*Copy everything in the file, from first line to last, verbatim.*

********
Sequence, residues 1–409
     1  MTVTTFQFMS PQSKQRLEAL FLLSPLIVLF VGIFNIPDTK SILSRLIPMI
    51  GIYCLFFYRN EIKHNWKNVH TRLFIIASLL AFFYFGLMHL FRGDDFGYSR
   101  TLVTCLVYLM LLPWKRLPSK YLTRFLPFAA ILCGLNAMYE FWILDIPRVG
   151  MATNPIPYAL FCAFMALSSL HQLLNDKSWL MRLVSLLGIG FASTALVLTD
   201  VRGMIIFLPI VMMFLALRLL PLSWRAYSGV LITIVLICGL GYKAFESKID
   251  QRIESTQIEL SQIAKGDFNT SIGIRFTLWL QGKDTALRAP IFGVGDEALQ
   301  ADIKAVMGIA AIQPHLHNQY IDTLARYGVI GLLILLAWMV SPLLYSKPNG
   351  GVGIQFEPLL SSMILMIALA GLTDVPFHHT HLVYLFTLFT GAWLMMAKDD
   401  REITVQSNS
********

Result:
Sequence, residues 1–409
     1  MTVTTFQFMS PQSKQRLEAL FLLSPLIVLF VGIFNIPDTK SILSRLIPMI
    51  GIYCLFFYRN EIKHNWKNVH TRLFIIASLL AFFYFGLMHL FRGDDFGYSR
   101  TLVTCLVYLM LLPWKRLPSK YLTRFLPFAA ILCGLNAMYE FWILDIPRVG
   151  MATNPIPYAL FCAFMALSSL HQLLNDKSWL MRLVSLLGIG FASTALVLTD
   201  VRGMIIFLPI VMMFLALRLL PLSWRAYSGV LITIVLICGL GYKAFESKID
   251  QRIESTQIEL SQIAKGDFNT SIGIRFTLWL QGKDTALRAP IFGVGDEALQ
   301  ADIKAVMGIA AIQPHLHNQY IDTLARYGVI GLLILLAWMV SPLLYSKPNG
   351  GVGIQFEPLL SSMILMIALA GLTDVPFHHT HLVYLFTLFT GAWLMMAKDD
   401  REITVQSNS